Morality as a guide to living

To better understand Objectivist ethics, there's an important distinction that needs to be made between its approach and many other ethical systems. There are two basic approaches to morality. One is limit on one's choices, and the other is a guide to living.

The first view is that morality is a limit on your actions. It sets boundaries for you. Don't murder people. Don't steal from people. Don't lie. Don't cheat. Don't speak unless spoken to. It tells you the kinds of things that are bad to do. But it doesn't provide you with much in the way of guidance picking between the remaining choices.

There are many examples of morality as a limit on actions. Let me go through some.

We've already discussed intrinsic values earlier. Since intrinsic values can't be rationally compared, they don't offer much in the way of guidance. But many of these intrinsic values set limitations on your actions, which is their real function. One of my favorite to discuss is vegetarianism. By elevating animal life to some unconnected value, it basically sets up a rule that tells you to not eat meat. It's not that vegetarians actively go out seeking to improve the lives of animals (some might, but it's not necessary). The intrinsic value there just limits the kinds of things they can do.

Since virtue ethics are often just a set of rules to follow, treating kinds of actions as intrinsic values, the same criticism applies to these. So a man of honor must keep his promises, no matter what. He's limited by not being able to choose to break those promises. Honesty would demand someone to never tell a lie, removing those as options. The point here isn't that cutting off particular options is bad in itself. But if that's all the ethical system does, you're still left without a means of choosing between the remaining options. You cut off some, but you can't prioritize the rest. It's an additional problem in that if you find that you must violate one of these rules, you don't have a means of choosing the least important.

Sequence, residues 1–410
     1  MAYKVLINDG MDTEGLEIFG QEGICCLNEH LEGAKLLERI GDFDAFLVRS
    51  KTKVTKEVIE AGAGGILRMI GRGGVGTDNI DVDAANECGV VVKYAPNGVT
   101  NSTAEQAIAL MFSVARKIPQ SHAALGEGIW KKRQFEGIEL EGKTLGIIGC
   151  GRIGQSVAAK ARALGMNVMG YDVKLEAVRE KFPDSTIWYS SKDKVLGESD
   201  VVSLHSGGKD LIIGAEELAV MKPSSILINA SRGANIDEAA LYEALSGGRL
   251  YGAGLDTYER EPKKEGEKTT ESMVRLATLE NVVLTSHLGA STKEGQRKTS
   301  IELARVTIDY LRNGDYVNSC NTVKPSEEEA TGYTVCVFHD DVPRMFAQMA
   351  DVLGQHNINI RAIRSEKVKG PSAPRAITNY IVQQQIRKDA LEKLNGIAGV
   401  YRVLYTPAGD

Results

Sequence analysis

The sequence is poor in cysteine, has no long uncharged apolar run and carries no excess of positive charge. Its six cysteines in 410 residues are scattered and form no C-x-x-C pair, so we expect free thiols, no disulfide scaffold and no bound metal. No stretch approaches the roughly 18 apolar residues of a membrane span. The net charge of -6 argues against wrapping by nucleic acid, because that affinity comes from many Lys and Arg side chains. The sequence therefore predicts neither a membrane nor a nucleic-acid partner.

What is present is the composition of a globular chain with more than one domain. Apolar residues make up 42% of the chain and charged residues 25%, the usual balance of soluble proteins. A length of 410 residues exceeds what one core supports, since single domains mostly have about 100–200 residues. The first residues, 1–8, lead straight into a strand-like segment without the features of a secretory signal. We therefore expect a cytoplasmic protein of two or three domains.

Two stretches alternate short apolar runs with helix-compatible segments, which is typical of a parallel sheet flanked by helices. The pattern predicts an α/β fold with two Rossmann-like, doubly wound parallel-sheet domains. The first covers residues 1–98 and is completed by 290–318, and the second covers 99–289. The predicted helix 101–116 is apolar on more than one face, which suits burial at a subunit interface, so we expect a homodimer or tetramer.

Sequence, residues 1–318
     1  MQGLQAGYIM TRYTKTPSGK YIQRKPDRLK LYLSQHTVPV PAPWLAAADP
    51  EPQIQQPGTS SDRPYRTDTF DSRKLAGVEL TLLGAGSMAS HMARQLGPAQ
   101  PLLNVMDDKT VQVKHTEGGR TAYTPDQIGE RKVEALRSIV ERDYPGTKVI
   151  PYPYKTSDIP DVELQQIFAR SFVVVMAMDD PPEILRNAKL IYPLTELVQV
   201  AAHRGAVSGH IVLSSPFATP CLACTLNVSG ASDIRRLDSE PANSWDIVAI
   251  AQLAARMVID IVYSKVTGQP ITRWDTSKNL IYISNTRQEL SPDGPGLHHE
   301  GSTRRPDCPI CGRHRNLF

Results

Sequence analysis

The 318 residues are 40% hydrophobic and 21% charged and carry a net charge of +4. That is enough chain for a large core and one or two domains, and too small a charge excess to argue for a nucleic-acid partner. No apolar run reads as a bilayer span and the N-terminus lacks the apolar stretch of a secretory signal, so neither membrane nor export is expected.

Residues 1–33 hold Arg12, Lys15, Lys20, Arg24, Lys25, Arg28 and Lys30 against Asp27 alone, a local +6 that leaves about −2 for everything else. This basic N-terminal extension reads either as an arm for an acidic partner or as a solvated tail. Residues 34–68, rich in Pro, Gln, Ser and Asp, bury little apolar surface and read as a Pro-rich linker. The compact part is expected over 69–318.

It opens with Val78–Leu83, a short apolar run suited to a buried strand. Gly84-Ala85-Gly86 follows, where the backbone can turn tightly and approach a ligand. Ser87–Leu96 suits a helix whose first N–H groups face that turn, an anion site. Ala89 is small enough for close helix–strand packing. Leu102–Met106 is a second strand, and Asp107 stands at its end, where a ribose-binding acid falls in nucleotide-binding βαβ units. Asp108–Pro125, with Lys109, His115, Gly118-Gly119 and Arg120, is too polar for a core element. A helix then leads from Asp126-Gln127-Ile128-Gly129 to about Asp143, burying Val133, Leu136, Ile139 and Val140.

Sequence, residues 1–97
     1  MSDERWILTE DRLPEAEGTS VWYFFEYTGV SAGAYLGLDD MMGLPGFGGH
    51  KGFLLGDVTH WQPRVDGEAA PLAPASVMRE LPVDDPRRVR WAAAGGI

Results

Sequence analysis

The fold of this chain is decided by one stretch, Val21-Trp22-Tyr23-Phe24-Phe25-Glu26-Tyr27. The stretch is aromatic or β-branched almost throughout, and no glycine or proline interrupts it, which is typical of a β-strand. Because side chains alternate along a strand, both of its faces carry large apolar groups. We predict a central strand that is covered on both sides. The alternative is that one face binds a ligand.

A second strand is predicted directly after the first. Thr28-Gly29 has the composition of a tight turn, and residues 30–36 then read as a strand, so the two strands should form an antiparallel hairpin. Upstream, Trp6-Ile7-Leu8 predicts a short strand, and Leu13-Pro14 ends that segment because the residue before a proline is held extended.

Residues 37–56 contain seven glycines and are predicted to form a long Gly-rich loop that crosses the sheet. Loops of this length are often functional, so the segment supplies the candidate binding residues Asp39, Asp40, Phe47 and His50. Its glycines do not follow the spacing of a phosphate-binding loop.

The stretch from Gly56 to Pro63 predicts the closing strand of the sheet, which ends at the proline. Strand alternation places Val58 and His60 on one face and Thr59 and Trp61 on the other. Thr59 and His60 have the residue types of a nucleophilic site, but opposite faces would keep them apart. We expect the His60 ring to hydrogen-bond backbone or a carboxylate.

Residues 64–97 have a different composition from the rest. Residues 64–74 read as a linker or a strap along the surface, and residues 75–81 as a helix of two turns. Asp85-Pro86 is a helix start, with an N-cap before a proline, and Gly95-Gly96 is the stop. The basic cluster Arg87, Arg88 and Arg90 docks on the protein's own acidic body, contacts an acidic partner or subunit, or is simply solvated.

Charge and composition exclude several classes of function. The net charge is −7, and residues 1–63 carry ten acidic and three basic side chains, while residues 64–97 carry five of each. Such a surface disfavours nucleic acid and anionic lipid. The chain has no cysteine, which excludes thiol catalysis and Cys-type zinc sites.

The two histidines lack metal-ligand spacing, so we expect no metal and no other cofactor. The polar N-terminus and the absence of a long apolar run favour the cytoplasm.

Another example is a morality that is only a partial guide to your actions. For instance, altruism might suggest that if you see someone who needs help, the moral thing is to jump in and help. But it doesn't tell you much else. It doesn't inform you on what kind of pleasures you should pursue, what kind of job, what you should do on your free time, or any number of other choices. So a moral code may provide guidance under specific circumstances, but otherwise leave you without a moral compass.

The Objectivist ethics sees morality as a guide to living your life. The point of it is to provide you with the tools you need to make decisions. To the extent that it can't be used for that, the moral code is defective. When understanding an ethical system, it's important to look at this as a benchmark for the value of that system. Does it provide guidance? Or is it just an obstacle?

At any point, with the Objectivist ethics, you can stop and say "what should I do now?". Because life is your standard, you can think of possibilities that enhance your life. You can pick which is the optimal one, and pursue it. You're not stuck wandering. You don't have to leave it to your whims or your implicit philosophy to decide for you. You're able to think it through and pursue your goals.

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